Publications


Category/Type
  Author (first or last name) Sponsoring Organization
     
From Date Till Date Keywords

The Nuclear Tipping Point

September 23, 2009

The Guardian

Italian Foreign Minister Franco Frattini, former U.S. Secretary of State George Shultz and former Senator Sam Nunn

Op-eds/Statements


This op-ed written the week of the UN Security Council Meeting that President Obama chaired discusses the challenges of national security and some of the approaches governments and individuals have taken to reduce nuclear risks including the G8 countries.  Read the op-ed.

Wicked Weapons: North Asia’s Nuclear Tangle

September 1, 2009

Lowy Institute

Rory Medcalf

Reports/Studies


Media attention concentrates on North Korea's threatening nuclear behaviour, and the frustrating quest for disarmament on the Korean Peninsula exposes some of the strategic tensions in the wider region. But uncertainties also surround the nuclear future of China and, in its own way, Japan. The positive steps happening globally on nuclear arms control, led by the United States, need to be handled with great care lest they create new dangers in North Asia. The strategic and nuclear challenges in this region, so critical to world security and prosperity in the 21st century, present a 'wicked problem': one that is complex and close to intractable, because fixing one aspect typically worsens or creates others.

The Obama Transformation: Can it Succeed?

July 1, 2009

Security Index

Joseph Cirincione

Reports/Studies


President Barack Obama has one of the most comprehensive, progressive and ambitious arms control and disarmament agendas every proposed by a U.S. president… Implementing this agenda, however, will require the president to secure the active cooperation of Russian leaders while overcoming serious domestic resistance to his plans… Overall, it appears that prospects are improving for sustaining and building a bipartisan consensus around the basic elements of the Obama plan. This is due to several factors, including the increase in the nuclear threats, the failure of previous strategies, the development of new policies, and the commitment of the new president and other state leaders to this new approach. The next twelve to eighteen months will determine if these plans can succeed.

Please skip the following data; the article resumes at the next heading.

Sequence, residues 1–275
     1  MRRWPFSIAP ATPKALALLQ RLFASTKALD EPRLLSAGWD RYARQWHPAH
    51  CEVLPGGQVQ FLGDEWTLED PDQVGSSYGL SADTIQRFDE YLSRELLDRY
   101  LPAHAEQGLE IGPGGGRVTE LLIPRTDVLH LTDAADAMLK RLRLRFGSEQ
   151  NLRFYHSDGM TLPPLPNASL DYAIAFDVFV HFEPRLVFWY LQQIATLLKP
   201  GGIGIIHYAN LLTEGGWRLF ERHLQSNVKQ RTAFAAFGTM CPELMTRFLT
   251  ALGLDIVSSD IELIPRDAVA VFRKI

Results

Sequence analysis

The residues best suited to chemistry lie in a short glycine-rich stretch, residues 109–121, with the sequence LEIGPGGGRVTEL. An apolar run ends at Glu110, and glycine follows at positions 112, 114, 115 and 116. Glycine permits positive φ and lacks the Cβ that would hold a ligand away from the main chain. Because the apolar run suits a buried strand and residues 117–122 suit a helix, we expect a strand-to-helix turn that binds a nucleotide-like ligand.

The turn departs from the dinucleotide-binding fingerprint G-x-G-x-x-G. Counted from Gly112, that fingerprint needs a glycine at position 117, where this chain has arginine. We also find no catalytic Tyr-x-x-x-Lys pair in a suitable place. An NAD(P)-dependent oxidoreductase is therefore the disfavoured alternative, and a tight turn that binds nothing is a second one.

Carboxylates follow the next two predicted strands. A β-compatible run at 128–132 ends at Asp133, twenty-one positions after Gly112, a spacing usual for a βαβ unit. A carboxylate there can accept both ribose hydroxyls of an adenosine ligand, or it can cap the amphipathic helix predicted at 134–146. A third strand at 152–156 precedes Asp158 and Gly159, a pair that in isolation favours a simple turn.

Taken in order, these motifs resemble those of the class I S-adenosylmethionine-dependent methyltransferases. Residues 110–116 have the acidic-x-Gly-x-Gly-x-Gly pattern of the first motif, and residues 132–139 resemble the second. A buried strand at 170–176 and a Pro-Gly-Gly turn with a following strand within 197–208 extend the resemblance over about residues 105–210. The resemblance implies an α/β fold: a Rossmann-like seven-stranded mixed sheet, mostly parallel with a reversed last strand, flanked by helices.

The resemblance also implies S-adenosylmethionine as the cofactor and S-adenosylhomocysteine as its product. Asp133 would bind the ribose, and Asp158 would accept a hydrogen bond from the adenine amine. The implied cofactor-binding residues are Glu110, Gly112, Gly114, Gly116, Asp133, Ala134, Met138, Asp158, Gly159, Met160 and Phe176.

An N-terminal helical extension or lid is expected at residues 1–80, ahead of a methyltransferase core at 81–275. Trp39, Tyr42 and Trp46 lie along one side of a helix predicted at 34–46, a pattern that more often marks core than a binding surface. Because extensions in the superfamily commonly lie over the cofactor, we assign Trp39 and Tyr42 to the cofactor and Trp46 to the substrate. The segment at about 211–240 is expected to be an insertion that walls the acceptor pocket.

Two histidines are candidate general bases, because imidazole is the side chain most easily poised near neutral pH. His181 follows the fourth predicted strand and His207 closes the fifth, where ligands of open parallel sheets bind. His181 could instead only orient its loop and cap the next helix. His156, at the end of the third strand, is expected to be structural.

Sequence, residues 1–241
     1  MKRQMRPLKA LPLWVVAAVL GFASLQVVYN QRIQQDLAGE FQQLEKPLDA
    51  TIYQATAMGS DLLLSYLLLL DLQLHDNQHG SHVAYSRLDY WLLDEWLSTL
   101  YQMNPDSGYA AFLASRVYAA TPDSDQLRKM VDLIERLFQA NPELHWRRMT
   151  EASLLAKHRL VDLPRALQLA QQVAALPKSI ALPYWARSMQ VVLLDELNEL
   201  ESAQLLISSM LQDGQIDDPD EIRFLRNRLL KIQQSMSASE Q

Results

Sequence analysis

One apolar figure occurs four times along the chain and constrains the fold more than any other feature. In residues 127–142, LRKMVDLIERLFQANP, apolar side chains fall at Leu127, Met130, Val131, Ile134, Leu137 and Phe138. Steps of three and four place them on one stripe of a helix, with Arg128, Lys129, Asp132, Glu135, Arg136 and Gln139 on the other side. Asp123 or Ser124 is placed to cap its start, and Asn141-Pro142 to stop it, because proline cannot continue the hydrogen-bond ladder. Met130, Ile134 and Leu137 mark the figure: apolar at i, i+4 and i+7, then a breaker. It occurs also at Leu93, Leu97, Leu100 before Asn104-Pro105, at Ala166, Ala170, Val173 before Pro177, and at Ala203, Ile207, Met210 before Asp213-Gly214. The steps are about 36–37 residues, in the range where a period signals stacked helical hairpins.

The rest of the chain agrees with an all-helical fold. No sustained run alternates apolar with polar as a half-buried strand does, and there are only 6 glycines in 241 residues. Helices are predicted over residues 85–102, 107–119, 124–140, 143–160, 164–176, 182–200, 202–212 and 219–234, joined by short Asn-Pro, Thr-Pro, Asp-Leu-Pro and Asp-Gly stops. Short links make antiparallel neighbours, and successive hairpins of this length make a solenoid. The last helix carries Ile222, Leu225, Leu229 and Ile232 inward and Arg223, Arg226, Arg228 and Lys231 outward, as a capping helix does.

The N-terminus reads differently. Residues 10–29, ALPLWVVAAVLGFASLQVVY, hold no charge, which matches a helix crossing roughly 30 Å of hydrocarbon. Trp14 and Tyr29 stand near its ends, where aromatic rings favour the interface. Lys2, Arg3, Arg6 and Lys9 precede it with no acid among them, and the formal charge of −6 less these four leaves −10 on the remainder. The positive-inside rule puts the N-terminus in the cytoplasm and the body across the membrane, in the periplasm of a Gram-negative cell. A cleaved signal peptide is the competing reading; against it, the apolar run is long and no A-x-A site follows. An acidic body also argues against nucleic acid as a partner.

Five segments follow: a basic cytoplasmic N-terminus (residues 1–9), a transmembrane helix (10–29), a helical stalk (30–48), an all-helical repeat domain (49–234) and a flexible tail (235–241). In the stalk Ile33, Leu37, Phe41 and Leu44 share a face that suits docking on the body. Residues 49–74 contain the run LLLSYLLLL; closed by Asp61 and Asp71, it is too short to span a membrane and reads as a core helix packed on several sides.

Achieving Nuclear Zero: Way Ahead

July 1, 2009

Security Index

James Goodby

Reports/Studies


A conference at the Hoover Institution in 2006, convened by George Shultz and Sidney Drell on the 20th anniversary of Reykjavik, considered what it would take to rekindle the vision shared by Reagan and Gorbachev. The participants agreed that a world without nuclear weapons was not only a goal worth pursuing, in itself, but would also invigorate efforts to prevent the proliferation of nuclear weapons…At the second conference at the Hoover Institution one year later, this time in cooperation with the Nuclear Threat Initiative (NTI), the goal of a world free of nuclear weapons was reaffirmed, and specific steps toward that end were elaborated in considerable detail… central to the case for revisiting the idea of a world free of nuclear weapons as an operationally meaningful goal... In contrast to the world reaction in 1986, which was highly skeptical, the reaction in 2006 and thereafter has been remarkably positive.

Next Steps in US-Russian Arms Control

July 1, 2009

Security Index

Edward Ifft

Reports/Studies


The arrival of the Obama administration in the United States, along with several aspects of the world situation, indicates that we are about to see a revitalization of the arms control process in general, and the U.S. Russian arms control process in particular. The relevant circumstances of the world situation are familiar to us all–the expiration of the START Treaty next December, the approaching NPT Review Conference next year, the urgent need to resolve the problems created by the nuclear activities of Iran and North Korea, the failure of the Conference on Disarmament in Geneva to make any progress whatsoever for almost 13 years and the growing realization (especially in the U.S.A, U.K. and elsewhere, and, I hope that includes Russia) that a continuation of the current situation, in which thousands of nuclear weapons are deployed, with thousands more in reserve, is both unnecessary and dangerous.